Another Review at MyShelf.Com

Publisher:  Mysterious Press / Time-Warner Books
Release Date: September 3, 2003
ISBN: 0-89296-777-3
Format Reviewed: Hardcover
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Genre: Historical Mystery / Hard-Boiled [A.D. 75, Londinium, Britannia]
Reviewed: 2003
Reviewer: Kristin Johnson

Reviewer Notes: Lindsey Davis is the author of thirteen previous mystery novels featuring Marcus Didius Falco, as well as THE COURSE OF HONOR.

Reviewer Kristin Johnson will release her second book, CHRISTMAS COOKIES ARE FOR GIVING, co-written with Mimi Cummins, in September 2003. Her third book, ORDINARY MIRACLES: My Incredible Spiritual, Artistic and Scientific Journey, co-written with Sir Rupert A.L. Perrin, M.D., will be published by PublishAmerica in 2004.

The Jupiter Myth
A Marcus Didius Falco MysteryMystery
Lindsey Davis

    "Spartacus" and JULIUS CAESAR meet "Goodfellas" in this Ancient Rome mystery that's literally classic noir. You can smell the wine and the sweat from a female gladiator named Amazonia, a.k.a. femme fatale (literally) Chloris, who's just one of the complications auditor and secret Roman Empire sleuth Marcus Didius Falco runs into while on holiday in Britain after an old enemy, Verovolcus, who's connected to native Britain king Togidubnus, is found stuffed down a well in a gin, er, wine joint named the Shower of Gold, after the form Jupiter (that's Zeus to you Greek fans) took to seduce one of his many conquests.

      There's no need to brush up on your high school Latin, because Lindsey Davis adds the modern touch with words such as "snackshop" and "dummy". But the description of ancient Romans living with ancient Britons is a vivid portrait of the age and the headaches of colonization. Marcus, formerly a man acquainted with the seamy side of life that old girlfriend Chrloris represents, now finds himself going up against it again when he uncovers evidence that Verovolcus' death may be linked to organized crime through a wimp of a mob boss whom Tony Soprano would whack on the spot. Not only that, the wimp boss in question has a personal grudge against hero and Falco friend L. Petronius Longus, who in turn has a personal, intimate tension with Falco's widowed sister Maia, who, in true noir tradition, reportedly is kidnapped by the mob in the book's final third.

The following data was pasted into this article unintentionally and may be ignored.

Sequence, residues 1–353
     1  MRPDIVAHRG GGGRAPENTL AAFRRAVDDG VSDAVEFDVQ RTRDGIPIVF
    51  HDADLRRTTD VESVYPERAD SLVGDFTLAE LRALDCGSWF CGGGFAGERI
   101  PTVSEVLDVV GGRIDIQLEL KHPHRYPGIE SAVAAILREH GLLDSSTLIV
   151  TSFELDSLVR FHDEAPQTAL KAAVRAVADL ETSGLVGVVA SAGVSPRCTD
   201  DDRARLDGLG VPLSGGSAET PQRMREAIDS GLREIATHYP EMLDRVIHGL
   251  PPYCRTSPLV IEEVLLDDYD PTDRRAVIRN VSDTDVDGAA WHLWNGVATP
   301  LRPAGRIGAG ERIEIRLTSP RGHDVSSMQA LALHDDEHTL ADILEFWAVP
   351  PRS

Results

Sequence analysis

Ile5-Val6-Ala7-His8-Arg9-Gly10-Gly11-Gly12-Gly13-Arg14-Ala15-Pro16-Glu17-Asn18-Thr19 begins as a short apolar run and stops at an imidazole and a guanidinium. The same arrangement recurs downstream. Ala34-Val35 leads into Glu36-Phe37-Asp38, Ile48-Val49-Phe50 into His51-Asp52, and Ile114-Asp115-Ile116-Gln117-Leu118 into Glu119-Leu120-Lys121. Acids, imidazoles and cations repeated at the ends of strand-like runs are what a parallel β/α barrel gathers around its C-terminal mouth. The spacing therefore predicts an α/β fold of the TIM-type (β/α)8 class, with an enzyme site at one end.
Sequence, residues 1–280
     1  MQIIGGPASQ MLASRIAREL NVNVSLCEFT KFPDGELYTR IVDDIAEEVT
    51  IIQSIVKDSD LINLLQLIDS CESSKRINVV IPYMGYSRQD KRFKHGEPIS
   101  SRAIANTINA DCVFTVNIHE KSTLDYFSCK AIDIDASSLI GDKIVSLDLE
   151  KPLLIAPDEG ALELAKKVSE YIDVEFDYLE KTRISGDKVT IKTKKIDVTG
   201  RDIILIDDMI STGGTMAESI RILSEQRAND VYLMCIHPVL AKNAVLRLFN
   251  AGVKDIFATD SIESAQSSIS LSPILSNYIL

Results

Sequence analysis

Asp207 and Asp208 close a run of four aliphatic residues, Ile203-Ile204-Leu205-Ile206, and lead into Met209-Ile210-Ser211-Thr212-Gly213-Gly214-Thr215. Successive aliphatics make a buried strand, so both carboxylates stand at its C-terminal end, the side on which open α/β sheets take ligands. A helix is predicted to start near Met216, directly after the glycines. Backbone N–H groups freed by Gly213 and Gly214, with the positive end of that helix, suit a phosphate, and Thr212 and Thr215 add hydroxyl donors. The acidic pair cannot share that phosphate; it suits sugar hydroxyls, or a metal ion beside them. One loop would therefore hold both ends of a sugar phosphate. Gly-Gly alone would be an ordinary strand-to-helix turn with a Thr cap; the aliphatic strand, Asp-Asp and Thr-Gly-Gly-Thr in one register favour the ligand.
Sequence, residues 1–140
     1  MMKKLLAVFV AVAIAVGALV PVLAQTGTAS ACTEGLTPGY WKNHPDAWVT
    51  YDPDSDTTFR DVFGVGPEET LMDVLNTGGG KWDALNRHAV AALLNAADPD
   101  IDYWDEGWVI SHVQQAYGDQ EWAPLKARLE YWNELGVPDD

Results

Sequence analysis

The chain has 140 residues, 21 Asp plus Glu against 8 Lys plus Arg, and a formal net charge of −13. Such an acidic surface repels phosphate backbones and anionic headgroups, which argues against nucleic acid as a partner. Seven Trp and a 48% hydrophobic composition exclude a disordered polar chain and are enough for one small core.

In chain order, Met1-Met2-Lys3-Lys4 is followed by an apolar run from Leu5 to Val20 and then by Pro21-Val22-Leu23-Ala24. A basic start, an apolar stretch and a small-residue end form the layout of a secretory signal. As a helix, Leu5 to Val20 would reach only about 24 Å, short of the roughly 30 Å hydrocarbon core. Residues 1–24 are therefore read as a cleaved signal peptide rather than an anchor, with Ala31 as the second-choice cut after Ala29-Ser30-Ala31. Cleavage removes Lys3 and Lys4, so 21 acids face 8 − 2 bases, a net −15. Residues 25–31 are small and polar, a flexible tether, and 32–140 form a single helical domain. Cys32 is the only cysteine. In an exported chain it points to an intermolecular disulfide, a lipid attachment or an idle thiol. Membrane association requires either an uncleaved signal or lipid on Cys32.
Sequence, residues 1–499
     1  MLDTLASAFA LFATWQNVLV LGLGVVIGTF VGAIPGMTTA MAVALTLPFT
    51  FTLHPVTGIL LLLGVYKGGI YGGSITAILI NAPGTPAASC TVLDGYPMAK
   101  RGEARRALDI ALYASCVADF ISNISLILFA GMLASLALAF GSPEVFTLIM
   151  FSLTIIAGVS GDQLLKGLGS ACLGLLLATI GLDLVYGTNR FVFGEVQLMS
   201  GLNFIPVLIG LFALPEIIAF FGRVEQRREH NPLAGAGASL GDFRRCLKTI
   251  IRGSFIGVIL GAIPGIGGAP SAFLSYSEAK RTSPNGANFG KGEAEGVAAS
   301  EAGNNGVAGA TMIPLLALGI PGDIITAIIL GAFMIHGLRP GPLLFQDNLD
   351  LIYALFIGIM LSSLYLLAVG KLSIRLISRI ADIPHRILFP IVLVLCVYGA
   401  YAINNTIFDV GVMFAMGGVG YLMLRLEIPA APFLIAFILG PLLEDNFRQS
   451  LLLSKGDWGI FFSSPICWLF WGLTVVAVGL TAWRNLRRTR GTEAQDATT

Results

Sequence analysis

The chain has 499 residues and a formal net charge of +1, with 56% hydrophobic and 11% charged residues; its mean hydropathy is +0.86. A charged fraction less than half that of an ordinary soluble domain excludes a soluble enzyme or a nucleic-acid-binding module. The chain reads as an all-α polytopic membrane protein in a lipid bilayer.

But all is not as it seems. The mobsters are a genuine threat who remain at large for further Falco outings, but elementary, my dear Watsonius, an avaricious barmaid, personifying the dark side of human nature and the lawlessness of the provinces, proves to have a greater role in Verovolcus' murder than she reveals.

     From Chloris to Maia, to Falco's senator's daughter wife Helena Justina and young mob victim Albia, Falco's women are a force to be reckoned with, and Falco, smartened by his deep love for Helena, proves to be the noble hero untainted by the dark side.

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